U.S. President Joe Biden, meanwhile, called on Congress to pass a three-month suspension of the federal gasoline tax to help combat record pump prices and provide temporary relief for American families this summer.

“The news temporarily boosted the oil product prices, but it was later viewed that even if the gasoline tax was suspended, retail prices would remain high, making it difficult to stimulate demand,” Fujitomi’s Saito said.

The U.S. Energy Information Administration said its weekly oil data, which was scheduled for release on Thursday, will be delayed due to systems issues until at least next week.

Oil extends losses as recession fears mount

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BMW Starts Production at New $2.2 Billion China Plant to Ramp up EV Output

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(C) Reuters. FILE PHOTO: A BMW iX electric vehicle (EV) is seen displayed at the BMW booth during a media day for the Auto Shanghai show in Shanghai, China April 19, 2021. REUTERS/Aly Song

SHANGHAI (Reuters) – Germany’s BMW said on Thursday that production has formally begun at a new plant in China with an investment of 15 billion yuan ($2.24 billion) as the carmaker accelerates electric vehicle (EV) production.

The Lydia plant, BMW’s third car assembly facility in China, located in the northeastern city of Shenyang, Liaoning province, will increase BMW’s annual output in the world’s biggest auto market to 830,000 vehicles from 700,0000 in 2021, the company said.

The plant is designed to be capable of producing battery-powered electric cars only according to market demand on its flexible manufacturing lines, BMW said.

The first model that will roll off the Lydia plant’s production lines is the i3, a pure electric mid-sized sports sedan, BMW said, increasing the range of its EV models for Chinese customers to 13 next year.

Tesla (NASDAQ:TSLA) and Chinese automakers such as BYD dominate the booming EV market in China, with sales more than doubling from a year ago. Meanwhile kings of the internal combustion engine age such as General Motors (NYSE:GM) and Volkswagen (ETR:VOWG_p) are falling behind.

Nearly a quarter of the cars sold in China in the first five months of this year were powered by batteries, according to data from China Association of Automotive Manufactures.

Meanwhile BMW sold 208,507 vehicles in China, its biggest market, in the first quarter, marking a 9.2% drop from a year ago, according to a company filing.

($1 = 6.6983 Chinese yuan renminbi)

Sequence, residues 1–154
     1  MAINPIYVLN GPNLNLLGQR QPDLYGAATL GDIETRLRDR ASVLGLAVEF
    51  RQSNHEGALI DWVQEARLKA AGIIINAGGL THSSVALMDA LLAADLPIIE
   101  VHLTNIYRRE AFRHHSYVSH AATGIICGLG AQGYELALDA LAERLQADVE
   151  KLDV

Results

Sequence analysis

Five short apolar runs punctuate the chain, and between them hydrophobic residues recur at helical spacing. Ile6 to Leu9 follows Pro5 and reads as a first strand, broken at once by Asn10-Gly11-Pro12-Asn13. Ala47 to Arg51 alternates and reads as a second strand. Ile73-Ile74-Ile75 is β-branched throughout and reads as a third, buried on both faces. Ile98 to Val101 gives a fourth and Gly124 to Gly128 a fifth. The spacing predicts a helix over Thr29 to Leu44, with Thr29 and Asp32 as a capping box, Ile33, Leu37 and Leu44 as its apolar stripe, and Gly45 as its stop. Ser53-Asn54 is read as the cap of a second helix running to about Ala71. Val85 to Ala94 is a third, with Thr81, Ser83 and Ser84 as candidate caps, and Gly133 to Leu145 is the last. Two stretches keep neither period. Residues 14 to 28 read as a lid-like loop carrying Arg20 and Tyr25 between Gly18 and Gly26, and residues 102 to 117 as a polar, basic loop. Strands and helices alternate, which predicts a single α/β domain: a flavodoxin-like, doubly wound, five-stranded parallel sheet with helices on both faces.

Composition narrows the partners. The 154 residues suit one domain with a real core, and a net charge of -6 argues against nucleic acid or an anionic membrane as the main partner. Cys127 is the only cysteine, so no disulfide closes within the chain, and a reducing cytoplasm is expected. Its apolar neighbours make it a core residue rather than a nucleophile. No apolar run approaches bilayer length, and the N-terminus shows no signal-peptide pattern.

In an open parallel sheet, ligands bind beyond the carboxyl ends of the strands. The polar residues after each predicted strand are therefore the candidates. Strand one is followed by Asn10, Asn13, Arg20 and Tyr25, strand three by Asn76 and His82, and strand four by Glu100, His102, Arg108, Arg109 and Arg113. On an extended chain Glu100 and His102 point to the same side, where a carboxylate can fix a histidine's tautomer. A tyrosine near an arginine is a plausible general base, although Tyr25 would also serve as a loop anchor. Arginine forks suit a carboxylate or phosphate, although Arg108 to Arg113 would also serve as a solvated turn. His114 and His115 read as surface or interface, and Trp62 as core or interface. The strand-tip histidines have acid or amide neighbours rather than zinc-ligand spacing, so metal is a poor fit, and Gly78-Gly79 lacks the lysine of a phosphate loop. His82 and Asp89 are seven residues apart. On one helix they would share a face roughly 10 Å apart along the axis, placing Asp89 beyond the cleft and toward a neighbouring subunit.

BMW starts production at new $2.2 billion China plant to ramp up EV output

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Asian Stocks Down After Fed Chair Acknowledges the Risk of a Recession

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(C) Reuters

By Zhang Mengying

Investing.com – Asia Pacific stocks were mostly down on Thursday morning as investors assessed the monetary policy outlook after U.S. Federal Reserve Chair Jerome Powell acknowledged the risk of a recession.

Japan’s Nikkei 225 stabalized by 8:45 PM ET (1:45 AM GMT).

South Korea’s KOSPI edged down 0.10%.

In Australia, the ASX 200 rose 0.30%.

Hong Kong’s Hang Seng was up 0.62%.

China’s Shanghai Composite was up 0.39% while the Shenzhen Component was down 0.49%.

U.S. 10-year Treasuries yields declined two basis points to 3.13%.

Investors’ concerns grew as Fed Chair Jerome Powell acknowledged the risk of a recession. Powell said that an aggressive interest rate hike could lead to an economic contraction and called a soft landing “very challenging” in his testimony to the Senate Wednesday.

“We are still in an era where uncertainty is elevated and is expected to remain so for quite a while,” Advisors Capital Management portfolio manager JoAnne Feeney told Bloomberg.

“It’s risky right now in terms of the forward outlook for the global economy. Recession risk has clearly risen.”

Powell “has acknowledged that rates will continue to increase, but the FOMC committee is cognizant of watching incoming data, suggesting the Fed will not be exclusively on autopilot with tightening,” Integrity Asset Management portfolio manager Joe Gilbert told Bloomberg.

Powell will continue his testimony to the House later in the day.

On the data front, U.S. initial jobless claims is due on Thursday while U.S. University of Michigan consumer sentiment will be released on Friday.

Asian Stocks Down after Fed Chair Acknowledges the Risk of a Recession